Feb 21, 2014

Crikey Clarifier: how raw is Qantas’ deal compared with rivals?

Qantas execs say they're not operating on a level playing field. With their competitors getting plenty of goodies and subsidies from their governments they want some too. Do they have a point?

Myriam Robin — Media Reporter

Myriam Robin

Media Reporter

Any day now you can expect an announcement of some sort of lifeline for Qantas, which has been grovelling to the government for months about its dire financial woes. Qantas says it’s not operating on a level playing field and needs government assistance to compete with its competition.


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11 thoughts on “Crikey Clarifier: how raw is Qantas’ deal compared with rivals?

  1. drmick

    How many of these companies have enacted a strategy that grounded their fleet and left customers stranded in airports around the world to prove a point?
    How many of their competitors had enough financial reserves to run a “fighting fund” to bring down the unions that service its aircraft? the very unions that gave it its unrivalled safety record?
    If Joyce left the country for good, after paying back all the money he wasted, and recompensed the people he criminally endangered for personal amusement, it would hurt a lot less.

  2. Bill Hilliger

    Most of Qantas’ major international competitors — including Emirates, Singapore, Air New Zealand — are partly or wholly government owned. So was Qantas at one time.

  3. Mark from Melbourne

    So the line you are running is that because Qantas has to compete with subsidised businesses we should subsidise them too? Isn’t that the same situation as Holden, Ford etc?

  4. AR

    I know it’s out there on the edge, but how about Qantas try delivering a decent service, at a competitive price (actually I’d pay a premium, just as in the supamart to buy OZ)to a core route?
    “Tell ‘im he’s dreaming”, I know.

  5. Myriam Robin

    Hi Mark from Melbourne. No ‘line’, just a fact check. Qantas isn’t on a level playing field, but I think it takes more than that to make an argument for assistance.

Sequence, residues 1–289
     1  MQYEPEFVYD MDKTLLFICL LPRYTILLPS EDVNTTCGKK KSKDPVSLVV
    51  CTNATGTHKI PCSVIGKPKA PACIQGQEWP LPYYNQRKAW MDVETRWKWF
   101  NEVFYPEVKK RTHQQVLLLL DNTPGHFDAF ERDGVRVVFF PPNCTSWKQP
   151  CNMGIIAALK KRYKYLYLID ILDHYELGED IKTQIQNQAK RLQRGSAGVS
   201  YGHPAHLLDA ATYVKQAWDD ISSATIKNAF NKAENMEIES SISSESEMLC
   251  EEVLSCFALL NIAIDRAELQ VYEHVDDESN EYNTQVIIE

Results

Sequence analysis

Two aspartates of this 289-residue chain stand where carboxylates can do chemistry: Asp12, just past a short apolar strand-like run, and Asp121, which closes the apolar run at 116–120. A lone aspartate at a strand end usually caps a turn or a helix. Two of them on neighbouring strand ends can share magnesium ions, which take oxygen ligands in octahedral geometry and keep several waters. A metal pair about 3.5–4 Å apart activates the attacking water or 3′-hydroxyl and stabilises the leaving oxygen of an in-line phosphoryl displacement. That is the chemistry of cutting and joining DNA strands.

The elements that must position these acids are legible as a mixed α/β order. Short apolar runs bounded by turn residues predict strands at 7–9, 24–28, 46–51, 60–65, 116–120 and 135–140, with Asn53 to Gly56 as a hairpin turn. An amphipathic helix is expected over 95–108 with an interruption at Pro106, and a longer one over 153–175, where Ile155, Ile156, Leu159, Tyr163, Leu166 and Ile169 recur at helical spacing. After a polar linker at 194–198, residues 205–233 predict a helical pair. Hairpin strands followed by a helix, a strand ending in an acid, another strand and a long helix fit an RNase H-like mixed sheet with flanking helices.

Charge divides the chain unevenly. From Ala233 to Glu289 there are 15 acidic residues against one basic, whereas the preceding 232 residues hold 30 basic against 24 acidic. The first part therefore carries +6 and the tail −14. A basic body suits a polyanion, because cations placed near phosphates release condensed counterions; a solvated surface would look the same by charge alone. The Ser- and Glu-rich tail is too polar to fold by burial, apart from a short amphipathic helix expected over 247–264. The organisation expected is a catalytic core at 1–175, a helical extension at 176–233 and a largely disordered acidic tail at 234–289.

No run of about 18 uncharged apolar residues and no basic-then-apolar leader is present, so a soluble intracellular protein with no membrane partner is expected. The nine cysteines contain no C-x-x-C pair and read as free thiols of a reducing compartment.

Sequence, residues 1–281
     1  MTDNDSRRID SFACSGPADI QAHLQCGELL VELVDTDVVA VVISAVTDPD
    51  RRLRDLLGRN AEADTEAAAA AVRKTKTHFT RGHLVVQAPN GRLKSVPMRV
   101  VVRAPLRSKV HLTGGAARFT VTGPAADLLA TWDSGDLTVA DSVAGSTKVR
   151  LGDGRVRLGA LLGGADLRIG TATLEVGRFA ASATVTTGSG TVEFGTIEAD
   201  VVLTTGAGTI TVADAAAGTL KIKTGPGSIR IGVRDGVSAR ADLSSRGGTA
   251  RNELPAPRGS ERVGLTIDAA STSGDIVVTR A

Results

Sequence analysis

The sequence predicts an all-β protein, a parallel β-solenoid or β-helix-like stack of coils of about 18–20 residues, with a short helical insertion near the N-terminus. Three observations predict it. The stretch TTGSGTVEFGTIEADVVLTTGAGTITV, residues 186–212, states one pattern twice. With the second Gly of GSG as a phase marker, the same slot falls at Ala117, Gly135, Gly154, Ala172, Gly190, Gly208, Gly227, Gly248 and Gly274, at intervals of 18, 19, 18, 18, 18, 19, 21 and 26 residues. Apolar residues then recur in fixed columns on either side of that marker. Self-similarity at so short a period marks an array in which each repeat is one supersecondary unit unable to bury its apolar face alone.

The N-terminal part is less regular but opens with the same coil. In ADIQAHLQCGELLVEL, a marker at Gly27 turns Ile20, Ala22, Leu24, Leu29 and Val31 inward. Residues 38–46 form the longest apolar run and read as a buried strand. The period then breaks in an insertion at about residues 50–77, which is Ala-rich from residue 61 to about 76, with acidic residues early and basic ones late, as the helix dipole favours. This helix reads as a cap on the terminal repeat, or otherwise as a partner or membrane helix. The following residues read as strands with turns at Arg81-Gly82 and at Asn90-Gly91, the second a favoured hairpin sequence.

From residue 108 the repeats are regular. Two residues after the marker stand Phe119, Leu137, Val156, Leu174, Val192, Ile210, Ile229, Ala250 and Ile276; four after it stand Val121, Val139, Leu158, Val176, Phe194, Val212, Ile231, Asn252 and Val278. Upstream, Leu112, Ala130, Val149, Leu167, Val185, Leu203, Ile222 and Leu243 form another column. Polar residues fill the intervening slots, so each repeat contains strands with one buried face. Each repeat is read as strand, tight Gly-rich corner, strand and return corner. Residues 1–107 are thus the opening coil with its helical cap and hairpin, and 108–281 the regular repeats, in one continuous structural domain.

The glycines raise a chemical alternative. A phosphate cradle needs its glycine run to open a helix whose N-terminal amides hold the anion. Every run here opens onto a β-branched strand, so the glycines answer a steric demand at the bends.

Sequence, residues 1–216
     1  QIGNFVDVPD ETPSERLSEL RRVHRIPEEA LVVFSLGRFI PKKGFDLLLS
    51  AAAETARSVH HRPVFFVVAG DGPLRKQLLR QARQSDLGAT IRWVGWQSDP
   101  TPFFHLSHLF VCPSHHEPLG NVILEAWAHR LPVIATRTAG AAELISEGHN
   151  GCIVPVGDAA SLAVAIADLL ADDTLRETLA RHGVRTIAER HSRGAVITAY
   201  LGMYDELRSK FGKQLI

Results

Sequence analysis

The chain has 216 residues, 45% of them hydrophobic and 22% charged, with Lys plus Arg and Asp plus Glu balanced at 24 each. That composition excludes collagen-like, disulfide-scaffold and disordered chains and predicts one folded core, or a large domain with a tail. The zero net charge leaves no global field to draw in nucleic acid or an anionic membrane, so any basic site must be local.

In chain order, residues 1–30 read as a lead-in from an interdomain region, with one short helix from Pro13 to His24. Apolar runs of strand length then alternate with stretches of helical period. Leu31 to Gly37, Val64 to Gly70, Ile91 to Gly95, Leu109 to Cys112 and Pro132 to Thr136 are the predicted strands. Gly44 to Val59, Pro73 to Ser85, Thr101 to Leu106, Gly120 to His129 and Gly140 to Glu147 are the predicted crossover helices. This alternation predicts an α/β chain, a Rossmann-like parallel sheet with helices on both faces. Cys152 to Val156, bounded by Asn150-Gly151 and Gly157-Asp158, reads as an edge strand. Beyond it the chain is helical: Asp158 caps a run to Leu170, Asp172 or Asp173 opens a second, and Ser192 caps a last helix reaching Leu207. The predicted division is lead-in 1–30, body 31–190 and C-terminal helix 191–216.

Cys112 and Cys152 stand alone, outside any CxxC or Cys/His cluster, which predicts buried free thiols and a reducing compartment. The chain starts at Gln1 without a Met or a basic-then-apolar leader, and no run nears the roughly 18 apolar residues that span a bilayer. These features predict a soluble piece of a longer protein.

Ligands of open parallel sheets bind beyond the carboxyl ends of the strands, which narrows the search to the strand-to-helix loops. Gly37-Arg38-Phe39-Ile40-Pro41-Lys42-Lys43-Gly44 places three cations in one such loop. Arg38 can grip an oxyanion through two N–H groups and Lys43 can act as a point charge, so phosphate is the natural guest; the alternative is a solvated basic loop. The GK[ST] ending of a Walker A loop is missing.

6. TheFamousEccles

    Bill Hilliger makes the point that has often crossed my mind over the past few years of Joyce’s stewardship. Qantas needs to get rid of this clown and his diversionary union bashing and bleats about “level playing fields” and get on with providing value.

  7. Draco Houston

    Really makes me wonder why anyone thought privatizing QANTAS was a good idea

  8. macca

    Ben – thanks. I am feeling more sympathetic to the argument for proving a debt guarantee, but I can’t reconcile with the wasteful Chairman’s Club revelations (for me, at least).

  9. Philip Swain

    Hang on a minute , this article is highlighting the uncompetitiveness of QANTAS internationally but isn’t it equally struggling on domestic routes an area where it used it’s monopoly position previously to send other airlines to the wall? Isn’t it’s main competition Virgin (a wholly private owned company)? Am I missing something, or is it that Joyce has tried to make it a domestic budget airline and failed horribly? I fly Virgin domestically and internationally and have had the misery of flying QANTAS and Jetstar in recent years and the one big difference no one wants to talk about is “service, service, service” !!!!!!!!!!!

  10. Scott Macander

    Philip I don’t believe Qantas Domestic are struggling, rather it is all about the International section which would explain why they changed hubs from SIN to DXB and formed the alliance with EK.

    As for your comment about their main domestic competitor being Virgin you are right and yes they are technically a wholly owned private company. But what you have failed to realise is that while Virgin is entitled to the same protected domestic routes as Qantas, Virgin ‘Australia’ is over 70% owned by foreigners – Sir Richard Branson (10%) Singapore Airlines (19.9%), Etihad (currently 19.9% but recently applied for more) and Air New Zealand (23%). Meanwhile, Qantas has to endure the Qantas Sale Act and can’t just go running to other airlines (read Governments) for more money when the going gets tough.

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